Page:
By Joe Eskenazi
Aaron Peskin doesn’t see the mayor’s grand plan to shoo cars from the Embarcadero for dance- and yoga-ins as set in stone quite yet. The North Beach supervisor instead describes it as “freshly laid concrete that hasn’t quite set.”
If that’s the metaphor of Peskin’s choosing, expect to see his footprints and signature in that concrete before it dries.
Peskin told SF Weekly he and Supervisor Sean Elsbernd plan to call for an economic impact study of the mayor’s proposed car-free Embarcadero parties during Wednesday’s Board of Supervisors meeting. The festival days, scheduled for Sunday, Aug. 31 – just before Labor Day – and Sunday, Sept. 14, would entail shutting down six miles of road from 9 a.m. to 1 p.m.
Peskin said the first he heard of the car-free party days was when “every business from the Ferry Building to Aquatic Park started howling” – and leaving messages on his voicemail. “Lining up dancing and yoga classes probably took a lot of organizing. They just didn’t talk with anyone whose livelihood was going to be affected.”
Motions to close the Embarcadero have traditionally elicited behavior in Fisherman’s Wharf-area merchants akin to Indiana Jones in a Vivarium. Earlier this decade ...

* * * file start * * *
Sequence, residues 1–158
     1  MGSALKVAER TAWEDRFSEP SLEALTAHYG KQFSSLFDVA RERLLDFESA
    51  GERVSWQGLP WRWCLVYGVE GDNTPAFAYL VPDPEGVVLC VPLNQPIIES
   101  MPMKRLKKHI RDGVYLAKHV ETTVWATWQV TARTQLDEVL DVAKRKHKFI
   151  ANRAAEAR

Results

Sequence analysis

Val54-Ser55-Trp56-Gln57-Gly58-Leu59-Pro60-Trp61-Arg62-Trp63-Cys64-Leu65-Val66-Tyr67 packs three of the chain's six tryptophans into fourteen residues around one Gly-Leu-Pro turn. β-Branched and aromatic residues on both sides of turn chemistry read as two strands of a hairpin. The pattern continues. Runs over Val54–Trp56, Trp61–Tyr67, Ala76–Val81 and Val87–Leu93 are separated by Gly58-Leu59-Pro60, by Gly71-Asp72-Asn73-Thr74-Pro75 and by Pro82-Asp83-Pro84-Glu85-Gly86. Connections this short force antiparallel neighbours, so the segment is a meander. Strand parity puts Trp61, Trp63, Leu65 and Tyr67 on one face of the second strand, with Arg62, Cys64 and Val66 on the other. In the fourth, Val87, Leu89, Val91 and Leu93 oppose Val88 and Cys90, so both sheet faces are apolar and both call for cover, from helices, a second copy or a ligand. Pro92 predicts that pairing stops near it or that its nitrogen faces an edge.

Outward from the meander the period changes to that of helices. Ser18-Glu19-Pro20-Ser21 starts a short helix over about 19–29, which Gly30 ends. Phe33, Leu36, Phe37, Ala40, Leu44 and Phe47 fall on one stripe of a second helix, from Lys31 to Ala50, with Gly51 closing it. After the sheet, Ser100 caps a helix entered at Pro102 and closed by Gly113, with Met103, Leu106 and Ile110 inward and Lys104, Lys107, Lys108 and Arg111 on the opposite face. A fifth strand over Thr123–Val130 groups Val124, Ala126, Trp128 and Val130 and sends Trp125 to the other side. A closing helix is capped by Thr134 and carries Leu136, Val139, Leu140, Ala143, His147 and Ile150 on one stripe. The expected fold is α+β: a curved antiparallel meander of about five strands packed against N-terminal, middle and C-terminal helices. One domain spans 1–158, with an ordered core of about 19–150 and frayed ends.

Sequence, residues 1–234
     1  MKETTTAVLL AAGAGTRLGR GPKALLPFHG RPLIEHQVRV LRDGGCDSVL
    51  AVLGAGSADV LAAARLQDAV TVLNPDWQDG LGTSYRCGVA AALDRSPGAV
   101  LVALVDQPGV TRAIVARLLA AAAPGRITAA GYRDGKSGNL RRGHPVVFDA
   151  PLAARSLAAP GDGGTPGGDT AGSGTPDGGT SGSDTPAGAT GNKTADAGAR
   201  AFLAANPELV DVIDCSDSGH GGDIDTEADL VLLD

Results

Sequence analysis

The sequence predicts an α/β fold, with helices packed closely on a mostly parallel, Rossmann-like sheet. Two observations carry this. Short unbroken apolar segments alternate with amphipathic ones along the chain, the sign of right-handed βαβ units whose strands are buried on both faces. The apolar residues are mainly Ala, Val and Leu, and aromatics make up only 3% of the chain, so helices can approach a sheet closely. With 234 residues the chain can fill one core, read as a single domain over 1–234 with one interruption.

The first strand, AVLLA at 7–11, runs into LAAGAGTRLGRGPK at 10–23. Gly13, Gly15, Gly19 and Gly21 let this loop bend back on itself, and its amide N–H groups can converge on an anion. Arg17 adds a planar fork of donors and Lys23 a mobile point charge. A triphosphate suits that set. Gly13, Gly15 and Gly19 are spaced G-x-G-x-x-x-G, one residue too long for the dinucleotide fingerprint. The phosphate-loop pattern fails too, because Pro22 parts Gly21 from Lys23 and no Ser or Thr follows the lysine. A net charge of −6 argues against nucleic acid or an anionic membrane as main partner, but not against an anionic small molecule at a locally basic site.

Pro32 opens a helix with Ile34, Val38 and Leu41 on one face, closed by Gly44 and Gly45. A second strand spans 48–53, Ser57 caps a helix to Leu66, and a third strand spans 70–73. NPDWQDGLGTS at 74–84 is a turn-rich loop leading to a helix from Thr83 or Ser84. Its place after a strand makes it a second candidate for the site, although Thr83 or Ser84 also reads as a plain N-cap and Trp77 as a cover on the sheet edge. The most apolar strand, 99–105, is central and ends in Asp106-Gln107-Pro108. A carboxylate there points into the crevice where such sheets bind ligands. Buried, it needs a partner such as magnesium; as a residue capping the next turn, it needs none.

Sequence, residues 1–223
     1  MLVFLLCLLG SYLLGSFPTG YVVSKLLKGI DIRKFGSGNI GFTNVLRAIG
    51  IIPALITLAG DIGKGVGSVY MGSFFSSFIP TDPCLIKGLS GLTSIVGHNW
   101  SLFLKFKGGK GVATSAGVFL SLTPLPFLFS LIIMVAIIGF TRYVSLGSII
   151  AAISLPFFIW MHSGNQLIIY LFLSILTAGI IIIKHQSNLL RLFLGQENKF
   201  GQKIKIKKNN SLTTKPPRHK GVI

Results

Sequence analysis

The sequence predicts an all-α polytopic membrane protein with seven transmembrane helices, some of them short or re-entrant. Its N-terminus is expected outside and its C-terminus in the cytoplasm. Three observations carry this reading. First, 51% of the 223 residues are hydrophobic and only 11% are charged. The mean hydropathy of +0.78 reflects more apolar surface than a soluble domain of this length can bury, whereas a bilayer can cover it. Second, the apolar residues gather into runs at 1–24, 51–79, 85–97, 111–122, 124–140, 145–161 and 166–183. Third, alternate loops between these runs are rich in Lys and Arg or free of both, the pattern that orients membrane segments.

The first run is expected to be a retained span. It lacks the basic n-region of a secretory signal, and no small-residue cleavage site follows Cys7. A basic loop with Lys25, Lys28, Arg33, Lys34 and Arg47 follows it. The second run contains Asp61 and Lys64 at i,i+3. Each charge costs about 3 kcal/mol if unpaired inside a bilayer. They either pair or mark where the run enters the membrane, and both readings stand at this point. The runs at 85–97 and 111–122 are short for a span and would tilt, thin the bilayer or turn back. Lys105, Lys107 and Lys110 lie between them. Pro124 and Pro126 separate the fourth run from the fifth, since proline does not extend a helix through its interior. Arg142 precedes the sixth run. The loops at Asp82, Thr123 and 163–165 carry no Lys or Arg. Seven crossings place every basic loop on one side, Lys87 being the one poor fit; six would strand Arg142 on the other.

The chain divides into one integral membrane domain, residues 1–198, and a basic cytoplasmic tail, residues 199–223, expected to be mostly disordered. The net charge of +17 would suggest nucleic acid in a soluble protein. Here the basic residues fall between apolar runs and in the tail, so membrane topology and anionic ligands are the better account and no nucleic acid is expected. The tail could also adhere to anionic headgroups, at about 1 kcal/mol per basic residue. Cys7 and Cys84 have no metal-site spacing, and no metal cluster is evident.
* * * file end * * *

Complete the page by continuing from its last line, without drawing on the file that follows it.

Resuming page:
top-level bicyclists zipped along the waterfront in the San Francisco Grand Prix; the bike race closed amidst political shenanigans -- and restaurateurs along the Embarcadero reacted as if they’d won the yellow jersey.
Kevin Westlye, the executive director of the Golden Gate Restaurant Association, said that the Grand Prix knocked 40 to 50 percent off sales totals for area restaurants. As the proprietor of the Franciscan Restaurant at the time, he saw his daily take drop 40 percent for the day.
So the notion of rolling yoga mats across the Embarcadero was especially unwelcome to Westlye and his colleagues. The Sunday before Labor Day, he claims, marks the year’s high-point for quasi-locals traveling by car to Fisherman’s Wharf, North Beach and the touristy districts therein. Westlye believes this is, literally, the very worst time of year for the mayor to shut down the Embarcadero. It would be akin to instilling a temperance holiday on March 17.
Vehement complaints from area merchants persuaded Newsom to drop a proposed third car-free day. And, reading between the lines of what Peskin told SF Weekly, he may have his sights on picking off the remaining pair.
The car-free days are “something Supervisors Elsbernd and Peskin agree should be analyzed,” said Peskin, referring to himself in the third-person, Rickey Henderson-style.
“We’ll be introducing a resolution urging the mayor to undertake said analysis prior to moving ahead with any decision.”